Paintwork: cyberpunk++ stories of killer augmented reality mechas and QR code graffiti writers

Tim Maughan's self-published short story collection Paintwork collects three of his stories, including the British Science Fiction Award-nominated story "Havana Augmented."

In an era of "post-cyberpunk" science fiction, Maughan is firmly cyberpunk -- or maybe "cyberpunk++," a genre that captures all the grit and glory of technology with a higher degree of plausibility and respect for real computers and networks than the genre had in its glory days.

"Paintwork," the first story, is a noirish, Gibsonian story of a graffiti writer in an econopocalypse-scoured Bristol, whose specialty is elaborate augmented reality animations that he inserts into the public consciousness by overwriting the QR codes on advertisements. "Paparazzi" is a story of gaming celebrity and global economics, with a wry and funny take on gold-farming that went to a place no other writer has ventured. The final novella, "Havana Augmented," is justly famed as Maughan's best work today: a political games/AR thriller set in Havana, where a bootleg augmented reality mecha combat game becomes part of the Communist Party's plan to liberalize the country's economy, and the young rebel gamers who are caught up in the plot.

Maughan has a keen eye for the fictional possibilities of technology, a good hand with the what if/ten seconds in the future mode of storytelling, and he's quite adept at filling his work with hyper-cool eyeball kicks. These stories are fun and thought-provoking, a great combination.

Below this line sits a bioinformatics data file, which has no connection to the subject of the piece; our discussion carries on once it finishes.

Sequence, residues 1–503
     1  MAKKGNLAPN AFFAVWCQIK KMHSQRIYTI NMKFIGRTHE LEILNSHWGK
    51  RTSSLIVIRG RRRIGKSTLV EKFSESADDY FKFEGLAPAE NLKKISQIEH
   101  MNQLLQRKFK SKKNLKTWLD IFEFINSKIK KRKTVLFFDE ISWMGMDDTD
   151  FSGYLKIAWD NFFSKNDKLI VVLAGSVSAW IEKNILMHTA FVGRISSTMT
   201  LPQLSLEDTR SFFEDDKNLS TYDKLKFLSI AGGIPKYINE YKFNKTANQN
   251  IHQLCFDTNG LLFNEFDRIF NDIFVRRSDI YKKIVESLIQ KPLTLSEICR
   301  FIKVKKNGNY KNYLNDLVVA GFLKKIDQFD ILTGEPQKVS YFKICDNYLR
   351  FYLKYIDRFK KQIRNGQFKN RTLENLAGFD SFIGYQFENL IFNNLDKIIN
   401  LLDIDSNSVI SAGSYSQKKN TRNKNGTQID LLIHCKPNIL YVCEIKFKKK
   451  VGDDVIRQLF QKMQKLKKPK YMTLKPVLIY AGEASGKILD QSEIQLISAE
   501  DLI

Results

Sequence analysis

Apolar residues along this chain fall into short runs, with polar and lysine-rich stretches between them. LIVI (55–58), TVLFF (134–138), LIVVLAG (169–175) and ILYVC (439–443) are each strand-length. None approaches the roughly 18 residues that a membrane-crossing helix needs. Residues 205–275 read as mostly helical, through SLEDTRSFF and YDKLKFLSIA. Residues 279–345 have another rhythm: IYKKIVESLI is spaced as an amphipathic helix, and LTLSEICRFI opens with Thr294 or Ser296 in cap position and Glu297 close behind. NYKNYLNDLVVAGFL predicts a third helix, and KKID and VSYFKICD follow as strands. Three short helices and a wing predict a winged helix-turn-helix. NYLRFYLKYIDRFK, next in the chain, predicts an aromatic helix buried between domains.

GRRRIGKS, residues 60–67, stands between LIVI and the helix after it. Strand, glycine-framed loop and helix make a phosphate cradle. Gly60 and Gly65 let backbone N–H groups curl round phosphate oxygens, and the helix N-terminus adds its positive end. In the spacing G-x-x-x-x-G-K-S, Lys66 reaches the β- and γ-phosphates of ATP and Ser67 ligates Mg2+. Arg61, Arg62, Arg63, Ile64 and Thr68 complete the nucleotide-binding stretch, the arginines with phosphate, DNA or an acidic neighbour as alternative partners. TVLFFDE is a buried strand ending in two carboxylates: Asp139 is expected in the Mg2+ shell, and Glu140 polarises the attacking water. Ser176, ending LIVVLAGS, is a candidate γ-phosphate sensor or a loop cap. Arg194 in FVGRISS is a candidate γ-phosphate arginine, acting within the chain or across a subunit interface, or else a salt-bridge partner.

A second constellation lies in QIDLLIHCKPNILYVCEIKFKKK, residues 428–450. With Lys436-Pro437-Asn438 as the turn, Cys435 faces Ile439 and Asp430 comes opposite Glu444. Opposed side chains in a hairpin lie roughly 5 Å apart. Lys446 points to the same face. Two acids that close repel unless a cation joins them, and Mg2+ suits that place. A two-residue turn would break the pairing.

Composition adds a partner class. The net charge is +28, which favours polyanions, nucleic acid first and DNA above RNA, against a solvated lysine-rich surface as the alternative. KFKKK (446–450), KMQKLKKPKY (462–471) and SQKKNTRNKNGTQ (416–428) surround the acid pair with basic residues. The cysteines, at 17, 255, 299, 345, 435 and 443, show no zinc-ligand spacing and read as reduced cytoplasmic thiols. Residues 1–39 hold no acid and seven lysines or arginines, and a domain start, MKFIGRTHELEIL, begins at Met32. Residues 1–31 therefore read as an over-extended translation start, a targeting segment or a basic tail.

1. Read the sample, fun stuff! I’m sat in a rainy south Bristol right now and the billboard described is just down the road. Freaky :)

  2. That reminds me: NPR recently pointed out that there have been some malicious QR codes — crooks have taken to sticking their own QRs over others, which take you to a website that asks security-compromising questions or asks you to install a malware app or whatever.

    As always: Never install anything unless you know EXACTLY where you’re installing it from, why, and what it might do.

  3. TxTImpact has Mobile QR codes or 2D code are codes in the same way as ordinary barcodes are, but their matrix structure can hold more information. The codes are also mobile in the sense that you can use the camera on your mobile device to scan and decode them. You can
    convert a web address (URL), a phone number, an email address or plain text into a mobile code. After scanning it with your camera phone, you will have instant access to the encoded information straight on the display of your mobile device.

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